That was until I got onto Cycle monkey, who as a trusted distributor of both Rohloff and Gates, could provide the pulley and adapter needed so that I could finally realise the awesome potential of this ultimately durable mountainbike drivetrain.

I built up a sparkling blue new El Commandante in August last year, and after a month of casual rides dialling the tension of the belt, I took it on a proper outing in the 2011 edition of Le Petite Brevet where it performed well under admittedly benign conditions.
It took some tinkering to get the tension just right. Not a pickle to adjust with the Ventana’s sliding dropouts, but too low and it would skip under harsh acceleration, too high and the system lost some efficiency.

Shiny new Centretrack cogs ready for some miles of their own

Since then I’ve logged some serious miles on the system, including a big summer in Nelson riding all of the technical trails on offer. I made a conscious effort to ride in the wet, slathering the system with gritty mud that I was sure would be the systems downfall. But it kept on trucking, and by the time the Great Southern Brevet rolled around I’d clocked up 2900 km. While most of the conditions around the Central Otago course were dry, there were a few sloppy sections notably through the Nevis and over the Old Man Range which started the wear in earnest.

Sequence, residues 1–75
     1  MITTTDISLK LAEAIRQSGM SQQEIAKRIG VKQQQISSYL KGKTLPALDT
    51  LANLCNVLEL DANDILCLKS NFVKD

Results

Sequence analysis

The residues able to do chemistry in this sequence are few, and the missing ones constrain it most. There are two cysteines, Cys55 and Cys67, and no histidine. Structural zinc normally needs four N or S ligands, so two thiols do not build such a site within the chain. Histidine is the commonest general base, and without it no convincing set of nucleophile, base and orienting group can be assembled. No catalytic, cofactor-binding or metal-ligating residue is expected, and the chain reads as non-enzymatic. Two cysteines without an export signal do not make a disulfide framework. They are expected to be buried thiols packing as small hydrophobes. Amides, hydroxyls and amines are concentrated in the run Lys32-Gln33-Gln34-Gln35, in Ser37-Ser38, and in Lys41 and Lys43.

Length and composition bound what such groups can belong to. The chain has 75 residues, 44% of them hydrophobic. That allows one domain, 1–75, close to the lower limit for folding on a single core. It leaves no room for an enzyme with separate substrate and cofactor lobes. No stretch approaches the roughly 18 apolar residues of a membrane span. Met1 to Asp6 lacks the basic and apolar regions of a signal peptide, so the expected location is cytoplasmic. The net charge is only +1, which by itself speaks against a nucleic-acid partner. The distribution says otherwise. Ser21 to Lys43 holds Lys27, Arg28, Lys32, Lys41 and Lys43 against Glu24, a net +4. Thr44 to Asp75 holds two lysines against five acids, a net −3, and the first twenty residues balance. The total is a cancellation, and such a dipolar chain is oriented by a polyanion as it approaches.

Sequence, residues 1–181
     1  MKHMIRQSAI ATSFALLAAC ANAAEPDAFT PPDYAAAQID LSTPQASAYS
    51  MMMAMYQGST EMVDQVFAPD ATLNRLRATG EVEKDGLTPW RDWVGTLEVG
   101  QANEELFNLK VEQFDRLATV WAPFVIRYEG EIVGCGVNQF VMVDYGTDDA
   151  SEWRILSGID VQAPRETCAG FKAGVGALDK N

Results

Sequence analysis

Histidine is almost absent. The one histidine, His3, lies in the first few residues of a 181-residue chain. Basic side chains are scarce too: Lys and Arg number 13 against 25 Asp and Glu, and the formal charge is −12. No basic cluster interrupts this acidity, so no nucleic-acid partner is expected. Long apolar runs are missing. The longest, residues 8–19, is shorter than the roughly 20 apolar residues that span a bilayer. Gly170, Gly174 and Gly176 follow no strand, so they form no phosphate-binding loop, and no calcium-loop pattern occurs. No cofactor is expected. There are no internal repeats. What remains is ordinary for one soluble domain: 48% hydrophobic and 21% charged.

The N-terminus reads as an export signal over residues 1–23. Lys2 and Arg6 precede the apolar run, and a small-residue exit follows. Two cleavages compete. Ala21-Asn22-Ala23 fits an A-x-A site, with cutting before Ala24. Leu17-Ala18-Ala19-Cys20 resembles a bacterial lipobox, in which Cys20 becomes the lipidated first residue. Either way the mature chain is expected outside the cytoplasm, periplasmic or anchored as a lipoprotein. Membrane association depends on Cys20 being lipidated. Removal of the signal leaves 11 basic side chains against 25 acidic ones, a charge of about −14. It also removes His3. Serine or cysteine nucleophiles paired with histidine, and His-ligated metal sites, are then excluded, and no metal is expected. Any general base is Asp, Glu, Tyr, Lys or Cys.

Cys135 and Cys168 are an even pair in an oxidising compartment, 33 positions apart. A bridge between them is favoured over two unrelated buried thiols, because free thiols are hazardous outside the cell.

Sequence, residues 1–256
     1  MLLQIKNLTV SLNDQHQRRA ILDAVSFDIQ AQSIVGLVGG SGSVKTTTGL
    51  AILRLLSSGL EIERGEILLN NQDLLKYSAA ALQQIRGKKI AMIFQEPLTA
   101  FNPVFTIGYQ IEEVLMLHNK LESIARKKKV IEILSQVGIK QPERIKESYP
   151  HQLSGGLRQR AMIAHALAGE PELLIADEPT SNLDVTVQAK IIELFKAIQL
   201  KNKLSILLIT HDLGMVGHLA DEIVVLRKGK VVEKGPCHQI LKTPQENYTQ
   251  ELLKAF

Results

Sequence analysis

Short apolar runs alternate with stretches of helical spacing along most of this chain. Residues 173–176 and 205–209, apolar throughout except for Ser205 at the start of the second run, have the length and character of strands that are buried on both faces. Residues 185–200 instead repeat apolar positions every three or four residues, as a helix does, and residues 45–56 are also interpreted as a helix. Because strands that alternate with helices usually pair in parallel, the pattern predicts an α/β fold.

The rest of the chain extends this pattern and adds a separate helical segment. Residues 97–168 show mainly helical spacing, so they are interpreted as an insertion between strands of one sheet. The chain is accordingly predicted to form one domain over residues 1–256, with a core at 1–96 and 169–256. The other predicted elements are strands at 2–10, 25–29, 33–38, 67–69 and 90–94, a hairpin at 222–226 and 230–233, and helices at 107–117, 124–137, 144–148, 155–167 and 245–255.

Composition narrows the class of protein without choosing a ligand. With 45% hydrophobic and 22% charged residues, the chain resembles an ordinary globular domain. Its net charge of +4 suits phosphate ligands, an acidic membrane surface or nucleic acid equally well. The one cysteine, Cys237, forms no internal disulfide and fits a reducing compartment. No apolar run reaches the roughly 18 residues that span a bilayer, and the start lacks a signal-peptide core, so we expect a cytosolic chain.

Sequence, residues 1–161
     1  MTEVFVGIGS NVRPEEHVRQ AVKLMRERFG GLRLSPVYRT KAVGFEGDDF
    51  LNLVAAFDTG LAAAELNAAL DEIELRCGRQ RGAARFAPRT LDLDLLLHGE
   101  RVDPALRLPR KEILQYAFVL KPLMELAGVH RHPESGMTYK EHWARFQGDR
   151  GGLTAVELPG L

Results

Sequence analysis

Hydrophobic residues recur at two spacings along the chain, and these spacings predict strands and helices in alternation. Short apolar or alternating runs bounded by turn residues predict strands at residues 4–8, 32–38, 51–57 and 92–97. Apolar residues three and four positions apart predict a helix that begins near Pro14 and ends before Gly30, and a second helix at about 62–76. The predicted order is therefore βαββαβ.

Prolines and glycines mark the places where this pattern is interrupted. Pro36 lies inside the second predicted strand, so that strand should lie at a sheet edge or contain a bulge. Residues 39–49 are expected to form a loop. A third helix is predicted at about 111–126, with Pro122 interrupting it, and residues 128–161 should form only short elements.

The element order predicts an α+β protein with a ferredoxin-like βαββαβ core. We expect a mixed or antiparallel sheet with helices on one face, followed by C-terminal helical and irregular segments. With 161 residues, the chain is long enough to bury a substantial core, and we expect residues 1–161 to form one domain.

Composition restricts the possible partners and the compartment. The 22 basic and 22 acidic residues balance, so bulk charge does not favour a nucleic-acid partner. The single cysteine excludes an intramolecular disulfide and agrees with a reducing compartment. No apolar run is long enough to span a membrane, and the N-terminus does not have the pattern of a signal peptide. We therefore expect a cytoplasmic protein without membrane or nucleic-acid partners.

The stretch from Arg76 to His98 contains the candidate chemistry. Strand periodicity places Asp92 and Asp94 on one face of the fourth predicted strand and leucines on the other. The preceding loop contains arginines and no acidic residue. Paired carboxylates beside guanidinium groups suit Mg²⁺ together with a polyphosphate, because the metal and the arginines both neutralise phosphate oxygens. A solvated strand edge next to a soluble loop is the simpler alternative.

I didn’t lube the system as fellow chain riding Breveteeers did for there chains, but in its worn state the belt needed the odd squirt with a drink bottle to clean grit and quieten an irritating squeak. I’ll admit that this was a shade annoying, especially with the temperature was pushing 30 degrees and through the Dunstan trail where I was forced to squirt precious thirst quenching water at my dirty belt.

On completion of the Brevet, I took some time to investigate the wear on the system. It was clear that the hard anodising had been stripped on the loaded face of the rear pulley, with a small gap visible on the back side of the belt teeth. Just to see if there was still life in the old cogs, I installed a new belt and was stoked to see this gap disappear, and this told me that the relatively inexpensive belt wore before the expensive and difficult to install cogs.